Mike Gold: More Movies, More Movies, More Movies
Now that both Marvel Studios and Warner Bros. have released their slates of movies-to-come, I offer a question of deep concern.
How much … is too much?
Over the next six years or so, we are supposed to get (take a deep breath) Avengers: Age of Ultron, Ant-Man, Fantastic Four, Deadpool, Batman vs. Superman: Dawn of Justice, Captain America: Civil War, X-Men: Apocalypse, Suicide Squad, Doctor Strange, Sinister Six, Venom, Spider-Verse, Wolverine 2, Guardians of the Galaxy 2, Wonder Woman, Fantastic Four 2, Thor: Ragnarok, Black Panther, Justice League, Amazing Spider-Man 3, The Flash, Avengers: Infinity War Part 1, Captain Marvel, Aquaman, The Inhumans, Shazam, Avengers: Infinity War Part 2, Justice League 2, Cyborg, and Green Lantern-certainly-not-2. There’s another Superman solo movie floating around, and Fox might interject one or more Fantastic Four and/or X-Men universe movies into the above schedule.
Of course, hard as it may be to believe, there are superhero properties published by other outfits as well. Will we see another Hellboy movie? How about The Mask? IDW has their own movie division now.
Seriously. I’d love to see each and every one of these movies be amazing as well as amazingly successful, but I know the odds are overwhelmingly against it. How many flops within this relatively short period will it take for Disney (Marvel) and Warners (DC) to think of their stockholders’ wrath and then think about protecting, as Mel Brooks put it, their phony baloney jobs?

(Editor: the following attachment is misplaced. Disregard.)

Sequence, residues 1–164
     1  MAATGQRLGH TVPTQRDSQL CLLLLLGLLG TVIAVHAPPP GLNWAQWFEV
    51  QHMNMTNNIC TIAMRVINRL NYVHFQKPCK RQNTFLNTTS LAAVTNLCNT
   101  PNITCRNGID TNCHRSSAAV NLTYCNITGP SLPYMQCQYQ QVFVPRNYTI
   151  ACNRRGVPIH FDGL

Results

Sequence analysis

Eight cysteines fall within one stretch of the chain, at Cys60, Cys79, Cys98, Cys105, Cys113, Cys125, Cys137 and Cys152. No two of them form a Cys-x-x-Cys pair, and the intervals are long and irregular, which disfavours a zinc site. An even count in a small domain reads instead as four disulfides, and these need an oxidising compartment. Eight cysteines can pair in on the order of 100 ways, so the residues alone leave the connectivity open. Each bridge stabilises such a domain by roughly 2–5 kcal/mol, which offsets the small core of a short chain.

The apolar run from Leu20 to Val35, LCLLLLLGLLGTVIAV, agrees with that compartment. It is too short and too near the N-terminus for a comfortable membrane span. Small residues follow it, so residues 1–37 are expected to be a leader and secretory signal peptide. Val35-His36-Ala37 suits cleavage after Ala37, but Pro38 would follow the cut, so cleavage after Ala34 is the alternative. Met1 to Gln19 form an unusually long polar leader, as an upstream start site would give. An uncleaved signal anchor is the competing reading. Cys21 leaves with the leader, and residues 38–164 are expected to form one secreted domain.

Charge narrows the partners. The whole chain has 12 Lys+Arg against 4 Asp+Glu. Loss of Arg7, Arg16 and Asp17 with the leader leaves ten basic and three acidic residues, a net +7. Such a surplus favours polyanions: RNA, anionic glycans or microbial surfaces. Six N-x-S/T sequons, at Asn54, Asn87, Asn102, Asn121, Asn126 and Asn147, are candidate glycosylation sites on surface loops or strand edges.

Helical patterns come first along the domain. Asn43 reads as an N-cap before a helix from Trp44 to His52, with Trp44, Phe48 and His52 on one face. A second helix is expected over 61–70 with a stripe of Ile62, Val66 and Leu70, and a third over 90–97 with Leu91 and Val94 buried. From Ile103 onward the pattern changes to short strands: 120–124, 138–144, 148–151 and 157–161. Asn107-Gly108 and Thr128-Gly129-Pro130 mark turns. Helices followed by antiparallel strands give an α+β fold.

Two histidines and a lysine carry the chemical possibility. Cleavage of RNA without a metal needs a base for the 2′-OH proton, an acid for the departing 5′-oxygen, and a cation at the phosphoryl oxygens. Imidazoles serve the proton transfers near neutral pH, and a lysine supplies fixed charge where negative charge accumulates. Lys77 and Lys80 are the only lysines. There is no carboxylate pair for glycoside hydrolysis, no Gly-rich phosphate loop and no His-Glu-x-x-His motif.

And I’m not even beginning to count all the superhero television shows – broadcast, cable, and streaming.
Again I ask: how many turkeys will it take to tank the ship? How many superhero movies in such a relatively short period of time do we get before the vast movie-going public decides enough is enough?
I don’t know, but I do know this: many billions of dollars in production budgets are at stake. Many careers are at stake.
And, since Disney makes movies and owns Marvel Comics, and Warner Bros. makes movies and owns DC Entertainment, how many cinematic failures will it take before either or both companies see their comic book divisions as sink holes?
I’ll take them one at a time. I’m looking forward to Age of Ultron.